Creation is not at all limited to the 3D material you work among. Creation is primarily mental – and by mental we mean not “3D-brain processing information and coming up with new patterns,” though it may be that. Neither do we mean, “Ideas as opposed to execution of ideas into material form.” Rather, we mean, “Shaping one’s reality by the placement of attention.” Thus, science, art, magic, religion, scholarship, handiwork, industrial planning, political and ideological movements and activities, teaching, anything. If you look at it as we do, you see that the “external life” you take as a given is a sort of shared subjectivity of which you are a miniscule but not negligible part. Your being – which includes your habits, your thoughts, your fantasies, your ideals, your understandings, your emotional and intellectual and personal connections – it all contributes, and it does so in the form of continual creation.

When you get a poem right, or you finish a sculpture or a painting or anything crafted with care and attention – that is, with love – you notice. Or (smiling) let’s say you notice, if you happen to notice yourself noticing. That’s what happened to you this morning. Something you read connected with other things you know and made a satisfying connection.

This despite the fact that I’d have to go back to the book and re-read what I stopped in the middle of, if I wanted to remember what I’d gotten. And (speaking from experience) probably I couldn’t get it even then.

Conscious awareness of a new dream-image completed is not required. The real effect is at a different level, by necessity mostly inaccessible to limited 3D-minds. But 3D consciousness is only the foam at the top of the wave. Don’t worry (ever) about what you don’t consciously remember. Pay attention instead, to the on-going work you do.

“Work” in this case not meaning any particular result, but process.

Yes. Pay attention to your lives as they pass. The summing-up will come in due time and in any case may be of less interest to you than the scenery you passed among, along the way.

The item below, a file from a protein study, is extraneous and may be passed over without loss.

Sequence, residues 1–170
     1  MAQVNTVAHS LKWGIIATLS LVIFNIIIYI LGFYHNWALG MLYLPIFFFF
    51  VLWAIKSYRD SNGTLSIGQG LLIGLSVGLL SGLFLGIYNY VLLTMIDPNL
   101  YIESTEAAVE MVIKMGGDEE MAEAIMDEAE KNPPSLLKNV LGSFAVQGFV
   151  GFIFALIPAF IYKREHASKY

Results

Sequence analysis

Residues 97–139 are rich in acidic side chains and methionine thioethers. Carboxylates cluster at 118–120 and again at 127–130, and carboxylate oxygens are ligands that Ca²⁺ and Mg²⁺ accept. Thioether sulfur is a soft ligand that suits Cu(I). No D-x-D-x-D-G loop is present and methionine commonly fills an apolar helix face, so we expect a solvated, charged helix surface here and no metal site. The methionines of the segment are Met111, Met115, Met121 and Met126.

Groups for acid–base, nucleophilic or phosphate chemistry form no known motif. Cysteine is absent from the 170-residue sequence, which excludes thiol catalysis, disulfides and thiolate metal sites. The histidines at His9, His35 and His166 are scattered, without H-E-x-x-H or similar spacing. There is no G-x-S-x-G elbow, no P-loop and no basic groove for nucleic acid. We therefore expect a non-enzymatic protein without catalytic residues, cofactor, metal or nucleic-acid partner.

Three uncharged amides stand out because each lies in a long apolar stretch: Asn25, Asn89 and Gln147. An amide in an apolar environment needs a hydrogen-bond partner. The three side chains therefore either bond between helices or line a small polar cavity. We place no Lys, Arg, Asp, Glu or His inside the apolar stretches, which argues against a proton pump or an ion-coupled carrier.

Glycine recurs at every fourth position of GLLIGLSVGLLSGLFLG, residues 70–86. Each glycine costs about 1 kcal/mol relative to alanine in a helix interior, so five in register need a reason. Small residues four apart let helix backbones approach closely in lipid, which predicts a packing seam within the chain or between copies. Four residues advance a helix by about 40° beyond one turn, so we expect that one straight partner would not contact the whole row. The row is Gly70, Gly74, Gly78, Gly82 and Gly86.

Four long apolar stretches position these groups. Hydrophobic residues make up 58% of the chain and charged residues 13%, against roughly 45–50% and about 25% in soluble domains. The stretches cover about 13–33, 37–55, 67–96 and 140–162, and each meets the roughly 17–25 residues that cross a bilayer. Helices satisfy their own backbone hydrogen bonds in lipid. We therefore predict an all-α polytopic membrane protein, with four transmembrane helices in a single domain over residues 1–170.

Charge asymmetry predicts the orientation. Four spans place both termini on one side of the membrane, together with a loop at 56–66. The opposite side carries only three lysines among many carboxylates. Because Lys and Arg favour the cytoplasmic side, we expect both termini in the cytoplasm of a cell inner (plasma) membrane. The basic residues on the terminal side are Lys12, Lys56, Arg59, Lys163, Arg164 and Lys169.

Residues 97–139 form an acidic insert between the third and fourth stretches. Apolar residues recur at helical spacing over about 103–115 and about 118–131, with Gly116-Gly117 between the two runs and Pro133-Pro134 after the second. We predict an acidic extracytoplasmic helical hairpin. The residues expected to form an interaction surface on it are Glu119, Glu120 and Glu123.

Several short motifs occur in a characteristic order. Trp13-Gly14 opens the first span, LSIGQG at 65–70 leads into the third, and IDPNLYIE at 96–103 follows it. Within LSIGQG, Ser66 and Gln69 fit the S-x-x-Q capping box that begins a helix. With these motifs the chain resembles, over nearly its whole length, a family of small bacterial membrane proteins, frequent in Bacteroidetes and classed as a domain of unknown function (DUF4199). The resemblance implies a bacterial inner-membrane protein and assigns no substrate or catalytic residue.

You were going to try to tell us why and how something happens when we make a connection.

Haven’t we done so?

If I don’t get it, I’d say no, you haven’t.

A “tink” at a moment of achievement may be regarded as a hint, an encouragement, a sign that you did well. That’s the “why” of the feeling. The “how” could be described simply as that moment of recognition that Pirsig talked about [in Zen and the Art of Motorcycle Maintenance] when you see Quality. As he said, you can’t define quality, but you know it when you see it. We don’t mind nudging you in the ribs occasionally to be sure you noticed.

Well, I’ll pass it around. Anything else you’d like to add?

A word of cheer for those who are blooming unseen. This kind of creation can’t be hidden where it counts, and none of it is wasted. Besides, that is where you find your satisfaction: Whatever reason could lead you to abandon it merely because it was not obvious in the vast shared subjectivity, as seen by 3D eyes?

Which is to say, All is well.

It’s always the case, so why not say it?

Thanks. Till next time, then.


3 thoughts on “The moment of recognition

  1. Thanks for (once again) candidly sharing your process. This one in particular is both validating and encouraging to my own process.

  2. Blooming unseen – beautiful. And so much better than rotting publicly. And yet, to not judge: the brain mechanism of hey, look here->everyone turning head in that direction – that is a neutral thing. Utilizing that to distract is another thing. But blooming unseen, like so many flowers. Sweet thought.